With this and other equipment Amazon is designed to lay rigid and flexible umbilicals (pipes) as well as other large subsea structures in depths of up to 3,000 metres. Other interesting equipment on board includes two remote-controlled operated vehicles (ROVs) that can operate in waters to the required depth, along with the necessary launch and recovery systems, plus a helideck able to handle a Sikorsky S-92 type helicopter.

Amazon has accommodation for up to 200 personnel in 88 double cabins and 26 single cabins of high-standard comfort class.[/restrict]


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Beira's old fishing port befre restoration recently carried out and now completing, from an article in Africa PORTS & SHIPS maritime news
Beira’s fishing port

Following an inspection of the work being undertaken on the new Beira fishing port, it has been revealed that the work is now almost complete.

The inspection was conducted by Mozambique’s Minister of Industry and Trade, Ragendra de Sousa on Wednesday last week when the work was declared to be 97% finished.

Reconstruction of Beira’s fishing port became necessary after the old fishing port was wrecked…[restrict] in a cyclone in early 2000.

The reconstruction and rehabilitation of the fishing port is costing an estimated US$120 million and is being funded by the Chinese government. Work began in mid-2017 and is expected to be complete in June this year.

With the new facilities, Beira will be able to harbour 16 industrial fishing vessels at the same time, rather than the current eight, according to a report on the independent television station STV.

The old Beira installations can only handle 300 tonnes of fisheries produce a year, but the rehabilitation of the port includes a state-of-the-art cold store complex whose facilities will enable the fishing port to handle 70,000 tonnes of produce a year.

Sousa said he was impressed by work on the new port. “We will have many economic gains from this port, including the creation of new jobs,” he said. The preservation facilities, Sousa added, meant that the produce handled in Beira could be exported to markets in Asia and Europe.

“Large ships, and also cargo planes, will stop at Beira to transport our fisheries produce. This will bring foreign currency to the country. As for ourselves, we will be able to eat tuna and other high quality fish.”

The minister noted that in September last year a business delegation from Thailand had visited the port of Beira and had promised that Thai companies will invest in Beira.

The visit, not only to Beira but with Sofala province in general, led the Thai delegation to believe there are investment possibilities in agriculture and tourism, as well as fisheries. source: AIM[/restrict]


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Operation Atalanta naval forces intercept suspect pirates in Gulf of Aden, from an article appearing with Africa PORTS & SHIPS maritime news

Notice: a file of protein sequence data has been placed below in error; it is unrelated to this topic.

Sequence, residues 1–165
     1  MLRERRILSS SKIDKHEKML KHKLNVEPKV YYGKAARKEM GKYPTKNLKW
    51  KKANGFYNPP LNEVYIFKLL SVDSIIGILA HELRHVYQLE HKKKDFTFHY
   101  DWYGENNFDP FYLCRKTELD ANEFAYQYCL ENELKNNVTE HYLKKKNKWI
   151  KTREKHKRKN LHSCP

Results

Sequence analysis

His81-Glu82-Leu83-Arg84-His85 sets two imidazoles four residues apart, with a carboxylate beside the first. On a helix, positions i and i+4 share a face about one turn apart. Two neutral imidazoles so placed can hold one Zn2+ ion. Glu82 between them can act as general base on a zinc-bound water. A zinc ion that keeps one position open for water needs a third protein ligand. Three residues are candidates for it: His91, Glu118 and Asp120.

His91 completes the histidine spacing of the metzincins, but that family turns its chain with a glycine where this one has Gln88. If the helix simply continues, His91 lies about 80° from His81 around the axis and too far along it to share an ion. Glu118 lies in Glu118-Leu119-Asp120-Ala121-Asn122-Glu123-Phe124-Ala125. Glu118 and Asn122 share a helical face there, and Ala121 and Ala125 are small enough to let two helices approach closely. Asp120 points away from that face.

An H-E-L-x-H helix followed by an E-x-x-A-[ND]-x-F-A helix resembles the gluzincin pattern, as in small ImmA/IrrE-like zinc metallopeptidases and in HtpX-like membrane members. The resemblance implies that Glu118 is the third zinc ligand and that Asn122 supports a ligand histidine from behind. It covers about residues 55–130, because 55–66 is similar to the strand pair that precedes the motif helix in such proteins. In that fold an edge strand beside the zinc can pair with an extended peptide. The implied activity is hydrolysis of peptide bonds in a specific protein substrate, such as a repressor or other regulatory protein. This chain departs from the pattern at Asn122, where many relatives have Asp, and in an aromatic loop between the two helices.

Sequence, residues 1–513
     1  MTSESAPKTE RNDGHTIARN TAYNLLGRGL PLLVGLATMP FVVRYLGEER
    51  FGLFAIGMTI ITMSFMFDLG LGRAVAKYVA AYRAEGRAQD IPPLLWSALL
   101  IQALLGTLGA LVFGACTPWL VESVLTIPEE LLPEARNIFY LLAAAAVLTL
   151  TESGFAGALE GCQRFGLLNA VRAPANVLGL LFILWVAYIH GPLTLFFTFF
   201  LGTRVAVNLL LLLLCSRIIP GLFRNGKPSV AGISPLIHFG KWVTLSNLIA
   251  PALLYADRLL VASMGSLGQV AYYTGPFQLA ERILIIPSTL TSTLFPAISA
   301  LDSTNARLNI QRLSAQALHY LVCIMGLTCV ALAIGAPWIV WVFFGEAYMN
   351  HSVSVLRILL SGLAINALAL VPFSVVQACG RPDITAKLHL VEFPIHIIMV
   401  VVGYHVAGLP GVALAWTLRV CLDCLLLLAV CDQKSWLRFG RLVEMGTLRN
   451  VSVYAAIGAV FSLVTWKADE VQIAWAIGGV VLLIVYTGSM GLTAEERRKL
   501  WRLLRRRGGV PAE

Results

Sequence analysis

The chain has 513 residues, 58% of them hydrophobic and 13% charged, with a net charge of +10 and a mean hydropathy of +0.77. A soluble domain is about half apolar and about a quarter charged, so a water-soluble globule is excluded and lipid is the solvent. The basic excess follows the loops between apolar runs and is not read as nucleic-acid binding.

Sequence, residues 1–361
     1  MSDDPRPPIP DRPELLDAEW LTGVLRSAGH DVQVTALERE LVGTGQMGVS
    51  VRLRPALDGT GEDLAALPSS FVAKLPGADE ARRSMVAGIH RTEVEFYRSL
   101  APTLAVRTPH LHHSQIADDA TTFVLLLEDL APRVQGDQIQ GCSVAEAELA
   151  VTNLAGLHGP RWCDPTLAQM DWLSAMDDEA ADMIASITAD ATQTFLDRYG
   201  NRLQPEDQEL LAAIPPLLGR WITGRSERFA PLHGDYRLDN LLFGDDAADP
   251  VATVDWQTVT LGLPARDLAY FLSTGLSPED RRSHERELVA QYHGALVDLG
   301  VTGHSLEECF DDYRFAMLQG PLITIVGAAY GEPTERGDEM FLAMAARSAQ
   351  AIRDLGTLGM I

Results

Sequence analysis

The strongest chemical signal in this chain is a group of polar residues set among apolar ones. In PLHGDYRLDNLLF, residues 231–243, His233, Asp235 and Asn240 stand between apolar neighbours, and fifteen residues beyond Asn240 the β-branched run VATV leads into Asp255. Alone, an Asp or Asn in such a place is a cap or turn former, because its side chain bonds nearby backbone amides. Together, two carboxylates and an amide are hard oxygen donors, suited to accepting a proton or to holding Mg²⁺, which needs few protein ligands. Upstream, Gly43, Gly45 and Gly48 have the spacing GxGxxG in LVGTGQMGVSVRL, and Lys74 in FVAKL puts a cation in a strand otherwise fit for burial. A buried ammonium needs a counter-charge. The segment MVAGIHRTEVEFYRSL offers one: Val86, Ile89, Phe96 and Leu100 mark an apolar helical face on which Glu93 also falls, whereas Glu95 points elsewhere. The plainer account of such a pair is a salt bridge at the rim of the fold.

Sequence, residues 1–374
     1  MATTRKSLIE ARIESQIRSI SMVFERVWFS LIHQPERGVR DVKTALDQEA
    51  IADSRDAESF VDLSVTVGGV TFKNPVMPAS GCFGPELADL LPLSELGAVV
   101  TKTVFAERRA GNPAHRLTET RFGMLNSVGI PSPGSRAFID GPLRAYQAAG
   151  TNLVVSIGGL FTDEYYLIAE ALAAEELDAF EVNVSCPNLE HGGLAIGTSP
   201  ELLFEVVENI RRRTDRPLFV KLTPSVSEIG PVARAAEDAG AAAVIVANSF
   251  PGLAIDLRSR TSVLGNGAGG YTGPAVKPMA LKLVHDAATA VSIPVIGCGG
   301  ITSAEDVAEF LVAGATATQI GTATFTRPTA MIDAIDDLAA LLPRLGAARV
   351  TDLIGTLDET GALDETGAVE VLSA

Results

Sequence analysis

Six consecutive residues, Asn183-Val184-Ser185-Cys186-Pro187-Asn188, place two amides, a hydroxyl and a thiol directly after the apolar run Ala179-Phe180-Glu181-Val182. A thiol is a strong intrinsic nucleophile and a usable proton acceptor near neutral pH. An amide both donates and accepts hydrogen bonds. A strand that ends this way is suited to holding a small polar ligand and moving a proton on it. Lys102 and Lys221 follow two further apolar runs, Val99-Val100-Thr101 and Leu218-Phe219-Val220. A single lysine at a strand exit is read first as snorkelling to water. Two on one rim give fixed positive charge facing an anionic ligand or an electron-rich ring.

Operation Atalanta naval forces intercept suspect pirates in Gulf of Aden

Earlier in April 2018, the Combined Maritime Forces (CMF) co-chaired the 42nd Shared Awareness and De-confliction (SHADE) conference in Bahrain alongside EU NAVFOR.

Over 110 people attended the conference including representatives from maritime shipping partners alongside the independent maritime naval force representatives from Russia, China and India.

The SHADE conference occurs twice yearly in the Kingdom of Bahrain with chair responsibilities rotating between CMF and EU NAVFOR. The main purpose of the conference is to offer delegates the chance to discuss and understand issues surrounding maritime security in the region and to ensure de-confliction between navies when conducting operations. A diversification of threats in…[restrict] recent years including piracy, terrorism and narcotic smuggling has seen a need for all maritime agencies to work more closely to ensure freedom of navigation.

Opening the conference, Deputy Commander of CMF, Commodore Steve Dainton CBE, said: “As threats have changed so has the way we need to work. It is impressive that we are now working more closely, more clearly and more collaboratively than ever before….a huge amount of effort between military and civil agencies and communities continues as witnessed here in SHADE today. There is perhaps one main focus that we need to have – that international shipping can go about its business unhindered.”

CMF has been conducting counter-piracy operations since 2009 and EU NAVFOR from December 2008, with much success. However, the suppression of piracy remains an on-going effort with all military and industrial partners playing their part – SHADE has remained an on-going key focal point for this activity to be coordinated. Chief of Staff EU NAVFOR, Colonel Rich Cantrill, stated: “… that we need to be more organised and transparent, to share plans for tactical operations with our military partners in order to allow cooperation, coordination and collaboration for greater success.